Something like New Orleans there was music on the street.

How did you meet Big Maceo?
When I came to Chicago, a guy called Sunnyland Slim. I met him through Sunnyland Slim.
Then Big Maceo had a stroke. He couldn't use his left hand. So I used to go around with him, sometimes playing the left hand for him. That's how I learned his style.

When you formed a first band in Chicago, who was in the group?
It was the Red Devil Trio. Before that I played with Dusty Brown.

Did you have a recording with him?
Yes, I did. 'He don't love you.' (He must have mistaken it for the recording he made for Parrot in '55.)

Hudson Showers?
Huh? Hudson Showers? Well, he was with the Red Devil Trio. It was me, Hudson Showers, James Bannister, we were the Red Devil Trio.

Did you go to Chicago to be a professional musician from the first?
Yes. I played with Howlin' Wolf for fourteen years. Before that I played with Little Walter.

In 1952 you recorded with Jimmy Rogers. Was that the first recording of yours?
No. Who I recorded with first? I think Dusty Brown was the first one.

When I first heard your recordings with Jimmy Rogers, your style was quite different from the former pianist for him, Eddie Ware.
I played mostly the Maceo Style.

I asked many people about Eddie Ware in Chicago but nobody knew what became of him.
I don't know what happened to him, either.

You recorded with Morris Pejoe. Did you record a lot with him in Al Smith's basement?
Yes. I also recorded with Jimmy Reed.

At the second session with Pejoe, you recorded your leader track, right?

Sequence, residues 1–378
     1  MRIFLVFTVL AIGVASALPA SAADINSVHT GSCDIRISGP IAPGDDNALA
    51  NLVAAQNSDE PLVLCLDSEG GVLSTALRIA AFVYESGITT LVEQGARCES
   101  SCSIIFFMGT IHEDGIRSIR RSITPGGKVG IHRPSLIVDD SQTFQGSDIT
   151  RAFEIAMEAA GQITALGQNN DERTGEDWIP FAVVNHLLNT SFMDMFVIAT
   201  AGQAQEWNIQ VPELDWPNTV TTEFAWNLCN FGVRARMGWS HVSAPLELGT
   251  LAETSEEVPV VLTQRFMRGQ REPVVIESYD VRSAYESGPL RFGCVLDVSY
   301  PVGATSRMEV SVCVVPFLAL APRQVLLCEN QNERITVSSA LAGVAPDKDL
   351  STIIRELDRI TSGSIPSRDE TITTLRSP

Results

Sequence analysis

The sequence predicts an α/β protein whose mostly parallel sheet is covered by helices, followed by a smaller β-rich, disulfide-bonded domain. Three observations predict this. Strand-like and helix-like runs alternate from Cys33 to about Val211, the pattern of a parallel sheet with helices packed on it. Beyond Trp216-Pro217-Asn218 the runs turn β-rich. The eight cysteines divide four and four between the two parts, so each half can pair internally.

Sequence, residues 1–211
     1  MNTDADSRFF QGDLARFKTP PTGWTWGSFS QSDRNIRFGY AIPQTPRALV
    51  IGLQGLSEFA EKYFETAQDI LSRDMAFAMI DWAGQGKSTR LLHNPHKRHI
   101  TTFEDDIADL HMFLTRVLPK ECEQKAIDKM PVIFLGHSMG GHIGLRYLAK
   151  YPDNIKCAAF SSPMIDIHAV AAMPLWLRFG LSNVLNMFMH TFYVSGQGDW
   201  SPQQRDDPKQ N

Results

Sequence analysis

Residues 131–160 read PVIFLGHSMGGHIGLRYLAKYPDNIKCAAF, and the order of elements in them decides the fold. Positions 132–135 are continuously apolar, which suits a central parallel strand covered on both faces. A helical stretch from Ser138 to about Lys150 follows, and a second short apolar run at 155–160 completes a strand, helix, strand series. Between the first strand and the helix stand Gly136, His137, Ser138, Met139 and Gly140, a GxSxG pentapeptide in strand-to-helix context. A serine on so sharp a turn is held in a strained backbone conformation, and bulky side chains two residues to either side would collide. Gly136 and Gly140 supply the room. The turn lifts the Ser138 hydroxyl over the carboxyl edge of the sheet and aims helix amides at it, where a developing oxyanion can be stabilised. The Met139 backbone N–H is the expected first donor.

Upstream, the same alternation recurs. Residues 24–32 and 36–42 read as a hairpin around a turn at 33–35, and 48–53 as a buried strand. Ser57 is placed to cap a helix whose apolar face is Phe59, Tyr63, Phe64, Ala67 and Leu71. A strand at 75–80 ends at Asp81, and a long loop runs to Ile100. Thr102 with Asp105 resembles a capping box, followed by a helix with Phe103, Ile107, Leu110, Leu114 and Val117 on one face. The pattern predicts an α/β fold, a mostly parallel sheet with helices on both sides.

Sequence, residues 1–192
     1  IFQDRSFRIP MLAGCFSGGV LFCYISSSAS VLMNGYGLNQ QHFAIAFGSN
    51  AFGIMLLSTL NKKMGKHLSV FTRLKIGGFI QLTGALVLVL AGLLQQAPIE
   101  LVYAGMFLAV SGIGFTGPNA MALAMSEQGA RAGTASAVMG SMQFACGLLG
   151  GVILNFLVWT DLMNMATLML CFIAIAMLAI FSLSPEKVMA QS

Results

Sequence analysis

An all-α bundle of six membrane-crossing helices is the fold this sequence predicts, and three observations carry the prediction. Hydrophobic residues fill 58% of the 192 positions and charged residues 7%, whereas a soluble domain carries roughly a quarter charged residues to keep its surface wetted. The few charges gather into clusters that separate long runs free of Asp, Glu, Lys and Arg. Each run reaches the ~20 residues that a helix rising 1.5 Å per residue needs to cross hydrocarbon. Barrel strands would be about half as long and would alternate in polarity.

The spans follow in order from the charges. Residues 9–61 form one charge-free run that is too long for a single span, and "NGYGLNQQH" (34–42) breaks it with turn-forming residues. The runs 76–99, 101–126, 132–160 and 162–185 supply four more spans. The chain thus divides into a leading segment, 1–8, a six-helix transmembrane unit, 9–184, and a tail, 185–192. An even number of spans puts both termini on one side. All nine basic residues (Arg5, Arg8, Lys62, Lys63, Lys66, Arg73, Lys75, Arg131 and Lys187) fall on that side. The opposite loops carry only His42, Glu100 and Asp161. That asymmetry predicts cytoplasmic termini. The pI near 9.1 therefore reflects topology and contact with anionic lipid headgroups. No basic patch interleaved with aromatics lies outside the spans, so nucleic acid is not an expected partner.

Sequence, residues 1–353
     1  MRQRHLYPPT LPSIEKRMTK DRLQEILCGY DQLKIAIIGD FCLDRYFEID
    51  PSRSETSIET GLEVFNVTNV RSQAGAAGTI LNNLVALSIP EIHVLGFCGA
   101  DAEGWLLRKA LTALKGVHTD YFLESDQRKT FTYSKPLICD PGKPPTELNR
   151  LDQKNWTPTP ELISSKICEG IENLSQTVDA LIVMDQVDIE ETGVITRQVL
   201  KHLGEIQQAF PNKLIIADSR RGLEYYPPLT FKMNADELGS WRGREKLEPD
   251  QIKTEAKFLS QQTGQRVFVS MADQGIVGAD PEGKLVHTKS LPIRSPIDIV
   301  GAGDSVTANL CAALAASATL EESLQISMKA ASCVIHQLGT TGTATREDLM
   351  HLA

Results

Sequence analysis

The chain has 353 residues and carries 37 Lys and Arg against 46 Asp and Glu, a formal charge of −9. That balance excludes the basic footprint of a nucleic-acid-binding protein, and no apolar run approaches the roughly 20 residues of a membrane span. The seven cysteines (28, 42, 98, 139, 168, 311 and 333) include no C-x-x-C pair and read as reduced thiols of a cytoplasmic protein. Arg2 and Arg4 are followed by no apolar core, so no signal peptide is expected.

Yes, I did.

Matchbox Blues.
Yes, the first one.

How did you record the piano sound?
With a little amplifier. It wasn't like it is now. I think they were using eight track.

Did you put microphone in the piano?
Yes, yes. They didn't have no electric piano then.

Listening to your Chess records, your piano was very unique. You have a lot of Louisiana flavor.

Henry Strong was playing harmonica at that time. What was he like?
He was very good. His girl friend killed him with scissors by accident.
She didn't intend to kill him.

That's too bad. It's a sad story....
Do you recall recording for Parrot?

It was with Dusty.

'Hand Me Down Blues' (RELIC 7015)

Who played the harmonica?
I think Shaky Jake recorded it.

Many blues fans assumed maybe it was P.T. Hayes or Good Rockin' Charles. It was Shaky Jake then.
I don't know. It was a long time ago.

Is Shaky Jake Magic Sam's uncle?
I think so. I didn't record with him, but I played with him. I played with Elmore James when he died.

Then you were the regular pianist for Howlin' Wolf.
Yes. fourteen years.

Were you busy?
Yes. See, Johnny Jones was really Elmore James's piano player. Then he died, you know. And Otis Spann was Muddy Waters'. I was Howlin' Wolf's.
Well, when Johnny Jones died and Otis Spann died. So there was nobody but me.
Muddy Waters and Howlin' Wolf, I was between both of them. In fact I was between the three. There ain't nobody but me.